Final performance by Myleene's tutor
For decades she has delighted the congregation of a Norfolk church with her wonderful skills on the organ.And as 86-year-old Dorothy Wright played the organ of St Edmund's Church, in Fritton, for the last time yesterday, a popular TV celebrity and singer had special reason to thank her as well.
For decades she has delighted the congregation of a Norfolk church with her wonderful skills on the organ.
And as 86-year-old Dorothy Wright played the organ of St Edmund's Church, in Fritton, for the last time yesterday, a popular TV celebrity and singer had special reason to thank her as well.
During her 60 years as church organist, Miss Wright helped Gorleston-born Myleene Klass develop her love of music and honed her skills as a pianist.
And in that time, Miss Wright has also performed at thousands of services, funerals and weddings and became acquainted with nearly every family around Fritton, near Yarmouth.
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She started performing at the 900-year-old church in 1948 after her music tutor, the rector Lynton Shields, persuaded her to give it a try. Since then she has played under seven different rectors and, as well as Myleene, taught hundreds of youngsters how to play the piano.
Miss Wright also played the 270- year-old pipe organ while a young Myleene sang in the church choir, played harp and took part in recitals with her brother and sister.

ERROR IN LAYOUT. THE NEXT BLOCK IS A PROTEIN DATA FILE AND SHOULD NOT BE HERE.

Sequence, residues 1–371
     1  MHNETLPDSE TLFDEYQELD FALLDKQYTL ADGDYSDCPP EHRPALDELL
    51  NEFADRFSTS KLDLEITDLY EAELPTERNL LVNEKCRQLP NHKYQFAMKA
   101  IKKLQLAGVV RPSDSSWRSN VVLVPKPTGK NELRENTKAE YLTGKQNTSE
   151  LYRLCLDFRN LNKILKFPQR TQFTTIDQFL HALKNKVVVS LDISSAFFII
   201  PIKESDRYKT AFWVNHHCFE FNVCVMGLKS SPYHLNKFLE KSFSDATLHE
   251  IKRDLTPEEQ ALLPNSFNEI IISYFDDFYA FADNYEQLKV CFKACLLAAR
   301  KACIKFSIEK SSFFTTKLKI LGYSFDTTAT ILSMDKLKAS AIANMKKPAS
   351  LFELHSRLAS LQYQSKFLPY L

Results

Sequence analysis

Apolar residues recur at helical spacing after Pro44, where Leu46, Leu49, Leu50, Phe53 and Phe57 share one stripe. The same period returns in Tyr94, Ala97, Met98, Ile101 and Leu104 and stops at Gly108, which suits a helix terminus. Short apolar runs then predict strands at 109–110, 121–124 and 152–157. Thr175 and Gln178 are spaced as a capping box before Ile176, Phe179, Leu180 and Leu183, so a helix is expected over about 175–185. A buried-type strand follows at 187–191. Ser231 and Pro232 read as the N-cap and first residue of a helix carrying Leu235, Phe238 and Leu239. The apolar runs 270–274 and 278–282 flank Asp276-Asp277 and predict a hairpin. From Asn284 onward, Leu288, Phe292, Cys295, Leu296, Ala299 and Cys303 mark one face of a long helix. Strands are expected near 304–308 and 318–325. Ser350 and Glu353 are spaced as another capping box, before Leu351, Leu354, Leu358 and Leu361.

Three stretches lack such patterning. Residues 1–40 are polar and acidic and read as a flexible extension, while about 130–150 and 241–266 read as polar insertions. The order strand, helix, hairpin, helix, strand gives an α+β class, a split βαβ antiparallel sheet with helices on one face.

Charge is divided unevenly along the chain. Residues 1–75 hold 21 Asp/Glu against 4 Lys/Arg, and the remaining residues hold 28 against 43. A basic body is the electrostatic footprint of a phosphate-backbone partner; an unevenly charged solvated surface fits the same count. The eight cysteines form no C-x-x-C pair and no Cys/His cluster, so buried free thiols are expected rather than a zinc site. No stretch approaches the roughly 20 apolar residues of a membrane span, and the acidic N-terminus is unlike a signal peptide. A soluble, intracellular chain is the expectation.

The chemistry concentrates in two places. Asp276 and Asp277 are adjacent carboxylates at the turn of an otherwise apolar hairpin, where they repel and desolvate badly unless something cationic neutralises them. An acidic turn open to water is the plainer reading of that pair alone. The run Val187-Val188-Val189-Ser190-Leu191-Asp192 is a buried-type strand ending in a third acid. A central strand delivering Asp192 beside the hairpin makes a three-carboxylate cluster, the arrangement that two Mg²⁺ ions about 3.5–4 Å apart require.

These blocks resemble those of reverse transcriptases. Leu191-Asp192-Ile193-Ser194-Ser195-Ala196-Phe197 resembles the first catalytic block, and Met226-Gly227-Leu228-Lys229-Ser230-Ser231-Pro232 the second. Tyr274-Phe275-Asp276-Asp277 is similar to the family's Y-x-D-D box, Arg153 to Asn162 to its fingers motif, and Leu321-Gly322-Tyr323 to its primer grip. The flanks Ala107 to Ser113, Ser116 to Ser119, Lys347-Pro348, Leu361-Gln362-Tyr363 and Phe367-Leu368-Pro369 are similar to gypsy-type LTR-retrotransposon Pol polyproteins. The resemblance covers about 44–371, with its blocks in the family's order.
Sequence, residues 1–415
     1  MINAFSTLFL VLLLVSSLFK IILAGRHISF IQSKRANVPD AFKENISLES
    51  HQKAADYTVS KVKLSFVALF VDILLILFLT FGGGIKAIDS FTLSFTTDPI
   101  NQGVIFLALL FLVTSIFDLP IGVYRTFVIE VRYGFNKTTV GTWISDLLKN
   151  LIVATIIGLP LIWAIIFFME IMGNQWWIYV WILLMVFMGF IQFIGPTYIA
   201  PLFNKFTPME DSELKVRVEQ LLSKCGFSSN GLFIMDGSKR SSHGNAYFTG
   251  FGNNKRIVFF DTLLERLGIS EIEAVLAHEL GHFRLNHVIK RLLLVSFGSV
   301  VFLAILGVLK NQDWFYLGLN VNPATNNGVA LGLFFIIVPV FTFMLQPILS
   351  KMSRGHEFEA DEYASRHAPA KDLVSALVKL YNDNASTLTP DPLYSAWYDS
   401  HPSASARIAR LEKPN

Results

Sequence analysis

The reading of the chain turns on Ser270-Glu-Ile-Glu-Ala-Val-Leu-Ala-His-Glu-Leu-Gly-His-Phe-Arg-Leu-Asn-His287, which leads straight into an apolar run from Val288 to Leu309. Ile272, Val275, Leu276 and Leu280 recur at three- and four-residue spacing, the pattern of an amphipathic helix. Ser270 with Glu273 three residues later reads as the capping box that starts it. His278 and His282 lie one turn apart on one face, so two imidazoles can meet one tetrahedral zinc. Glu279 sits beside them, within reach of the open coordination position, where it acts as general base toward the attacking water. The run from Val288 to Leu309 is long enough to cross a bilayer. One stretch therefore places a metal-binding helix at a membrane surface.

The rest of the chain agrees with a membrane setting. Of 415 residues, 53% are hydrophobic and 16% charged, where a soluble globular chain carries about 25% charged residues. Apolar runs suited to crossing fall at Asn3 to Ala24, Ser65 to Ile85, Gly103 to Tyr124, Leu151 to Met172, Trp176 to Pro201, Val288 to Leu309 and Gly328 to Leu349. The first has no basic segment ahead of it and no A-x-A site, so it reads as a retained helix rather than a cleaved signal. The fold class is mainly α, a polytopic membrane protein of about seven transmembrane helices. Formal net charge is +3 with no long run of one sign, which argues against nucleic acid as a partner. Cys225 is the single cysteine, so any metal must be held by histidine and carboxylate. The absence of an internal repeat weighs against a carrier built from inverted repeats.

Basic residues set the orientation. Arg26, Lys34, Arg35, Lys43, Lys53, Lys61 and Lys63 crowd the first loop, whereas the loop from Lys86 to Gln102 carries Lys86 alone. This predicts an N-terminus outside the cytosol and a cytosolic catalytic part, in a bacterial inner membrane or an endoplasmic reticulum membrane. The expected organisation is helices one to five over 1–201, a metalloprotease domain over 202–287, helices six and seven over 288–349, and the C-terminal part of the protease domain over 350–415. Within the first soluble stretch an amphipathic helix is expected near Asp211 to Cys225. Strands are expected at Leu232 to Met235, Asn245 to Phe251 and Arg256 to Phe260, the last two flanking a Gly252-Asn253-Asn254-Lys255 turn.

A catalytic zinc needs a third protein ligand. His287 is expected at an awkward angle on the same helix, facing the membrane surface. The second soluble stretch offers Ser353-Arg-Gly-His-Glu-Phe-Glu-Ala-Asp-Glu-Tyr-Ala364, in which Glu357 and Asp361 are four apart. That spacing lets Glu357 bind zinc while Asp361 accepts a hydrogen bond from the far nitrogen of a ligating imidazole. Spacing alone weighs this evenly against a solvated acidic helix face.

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She said: “She was a very lively girl and I always thought that as a pupil there was something different and special about her.”
Miss Wright's love of religious music clearly rubbed off on the former Hear'Say singer and BBC presenter as she went on to record a classical album last year.
For Miss Wright, who lives in Lound, near Gorleston, playing favourite hymns, such as Fair Waved the Golden Corn, for the last 60 years has been the greatest joy in her life.
She said: “I have made so many friends and church music is still such a beautiful thing to me. If you had told me in 1948 that I would still be here today playing the organ I would never have believed you.”
Despite many wonderful memories of her time at St Edmund's, Miss Wright does regret its congregation has dwindled to just a dozen parishioners in the last few years.
She said: “When I first played here the church was full.”
Miss Wright is also well known for her strong views on music and attention to detail.
Former rector the Rev Jonathan Riviere said: “She was well able to put new rectors right on a few points if she felt things were not done in quite the correct manner.
“She always knew which hymns the congregation sang well and played them at a good lively pace which is so important in small churches.”